Mass Cycling, Bicycle Infrastructre and Vehicular Cycling

Bryan Blanc is a transportation engineering student in Portland, OR.  In the summer of 2014, he spent a couple of months in the Netherlands studying their bicycle system and wrote about it.  The entire blog is a great read.

Bryan lays down some great information on bicycle infrastructure and riding techniques here.

His thoughts on vehicular cycling are especially interesting:

“A huge opponent of infrastructure for mass cycling in America has been the persistent ideology popularized by John Forester known as ‘Vehicular Cycling’. The basic idea of Vehicular Cycling is that cyclists are safest when they ‘act and are treated as drivers of vehicles’, and so it supposedly follows that separate bicycle infrastructure detracts from bicyclist safety. Forester’s ideology is not based on any credible empirical evidence (despite the impression that his 800+ page manifesto, Effective Cycling, may give) and is instead based on his anecdotal experience as a long-time bicycle commuter. Forester’s website (which looks to have been designed by someone adhering strictly to the philosophy of ‘Effective Web Design’) provides essays on various topics related to promoting Vehicular Cycling and serves as a point of contact for those who wish to become a part of the Vehicular Cycling movement.

“Forester’s claims that separated bicycle infrastructure detracts from safety run counter to many studies of the success of separated infrastructure around the world (including here in America). Furth highlights several of these studies in his chapter, and many more have recently come out since.  Colleagues at PSU’s Oregon Transportation Research and Education Consortium have released a multi-year study on the success of six different protected bicycle facilities as part of the Green Lane Project. See the People For Bikes repository for further studies on the successes of separated infrastructure.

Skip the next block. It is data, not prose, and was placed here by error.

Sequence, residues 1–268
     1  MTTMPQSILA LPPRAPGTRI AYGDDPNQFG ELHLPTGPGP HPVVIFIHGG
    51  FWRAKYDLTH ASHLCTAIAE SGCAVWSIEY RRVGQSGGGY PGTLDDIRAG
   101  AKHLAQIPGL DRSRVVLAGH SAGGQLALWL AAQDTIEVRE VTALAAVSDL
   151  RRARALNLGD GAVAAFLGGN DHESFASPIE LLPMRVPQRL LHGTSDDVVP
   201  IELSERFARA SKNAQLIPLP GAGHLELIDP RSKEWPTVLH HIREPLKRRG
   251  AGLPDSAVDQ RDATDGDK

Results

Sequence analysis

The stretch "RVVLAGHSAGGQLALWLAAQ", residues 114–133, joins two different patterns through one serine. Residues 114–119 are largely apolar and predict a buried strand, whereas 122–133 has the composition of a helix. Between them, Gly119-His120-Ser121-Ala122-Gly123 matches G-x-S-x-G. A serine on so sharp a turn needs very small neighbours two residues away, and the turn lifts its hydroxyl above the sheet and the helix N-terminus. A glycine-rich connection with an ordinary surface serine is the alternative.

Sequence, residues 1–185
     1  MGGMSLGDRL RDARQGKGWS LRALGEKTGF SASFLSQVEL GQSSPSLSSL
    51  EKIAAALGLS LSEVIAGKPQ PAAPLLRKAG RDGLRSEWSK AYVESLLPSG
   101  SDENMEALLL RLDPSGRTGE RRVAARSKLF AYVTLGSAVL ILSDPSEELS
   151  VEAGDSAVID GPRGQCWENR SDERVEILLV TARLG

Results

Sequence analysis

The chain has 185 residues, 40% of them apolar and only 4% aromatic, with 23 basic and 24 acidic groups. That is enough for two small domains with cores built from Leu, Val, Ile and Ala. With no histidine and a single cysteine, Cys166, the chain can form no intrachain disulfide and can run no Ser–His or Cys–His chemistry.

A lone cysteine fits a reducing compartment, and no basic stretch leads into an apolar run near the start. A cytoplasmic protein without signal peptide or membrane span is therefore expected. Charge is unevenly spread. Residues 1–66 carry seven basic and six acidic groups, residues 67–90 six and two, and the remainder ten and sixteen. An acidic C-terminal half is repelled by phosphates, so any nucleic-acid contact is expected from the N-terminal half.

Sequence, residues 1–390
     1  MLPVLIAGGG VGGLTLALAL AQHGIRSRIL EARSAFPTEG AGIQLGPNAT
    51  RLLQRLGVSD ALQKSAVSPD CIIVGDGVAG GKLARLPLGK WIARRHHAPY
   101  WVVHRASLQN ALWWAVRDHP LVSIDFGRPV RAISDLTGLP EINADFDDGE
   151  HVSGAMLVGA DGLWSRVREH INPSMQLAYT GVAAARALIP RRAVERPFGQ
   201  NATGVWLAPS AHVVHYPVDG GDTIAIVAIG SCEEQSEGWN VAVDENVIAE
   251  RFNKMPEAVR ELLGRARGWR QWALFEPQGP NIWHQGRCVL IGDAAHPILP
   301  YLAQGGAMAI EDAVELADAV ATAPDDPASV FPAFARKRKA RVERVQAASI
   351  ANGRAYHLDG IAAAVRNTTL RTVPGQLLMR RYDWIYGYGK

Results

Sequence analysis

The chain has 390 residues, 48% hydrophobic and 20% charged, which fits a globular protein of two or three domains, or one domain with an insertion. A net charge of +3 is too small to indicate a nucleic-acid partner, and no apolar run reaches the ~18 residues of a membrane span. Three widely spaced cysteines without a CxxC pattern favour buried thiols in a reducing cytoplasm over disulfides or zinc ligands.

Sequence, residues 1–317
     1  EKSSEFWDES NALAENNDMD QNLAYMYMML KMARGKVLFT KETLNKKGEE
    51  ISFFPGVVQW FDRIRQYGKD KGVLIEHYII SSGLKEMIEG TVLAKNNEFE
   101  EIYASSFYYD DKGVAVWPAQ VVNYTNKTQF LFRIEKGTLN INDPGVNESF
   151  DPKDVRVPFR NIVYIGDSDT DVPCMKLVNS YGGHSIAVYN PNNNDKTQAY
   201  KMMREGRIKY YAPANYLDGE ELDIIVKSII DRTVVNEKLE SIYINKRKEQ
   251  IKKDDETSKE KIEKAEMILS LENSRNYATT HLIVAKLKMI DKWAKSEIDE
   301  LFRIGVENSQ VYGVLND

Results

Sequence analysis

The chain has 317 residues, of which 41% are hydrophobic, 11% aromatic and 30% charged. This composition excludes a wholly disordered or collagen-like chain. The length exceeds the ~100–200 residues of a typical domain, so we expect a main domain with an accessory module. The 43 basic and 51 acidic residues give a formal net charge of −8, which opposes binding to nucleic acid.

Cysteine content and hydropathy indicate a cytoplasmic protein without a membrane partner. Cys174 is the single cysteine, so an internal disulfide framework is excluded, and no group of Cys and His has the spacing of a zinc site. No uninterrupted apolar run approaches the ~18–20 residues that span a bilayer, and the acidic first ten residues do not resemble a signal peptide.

“This is not to say that separated infrastructure is superior or even necessary in all cases. Design judgements must be made based on the compromise between facility functionality and safety. For example, on many residential streets, shared lane treatments such as bicycle boulevards may be the better choice. But to say that separated infrastructure is inherently unsafe ignores the massive success it has around the world. There are good designs and bad designs for separated infrastructure, and consequently design is where the conversation should be taking place. It should seem intuitive that separating small, slow vehicles without roll cages or crumple zones from motor vehicles is beneficial when there is a significant speed differential, but the idea that cyclists need no separated infrastructure was much easier (and cheaper) for policy makers to swallow. It seems the tide is turning.”

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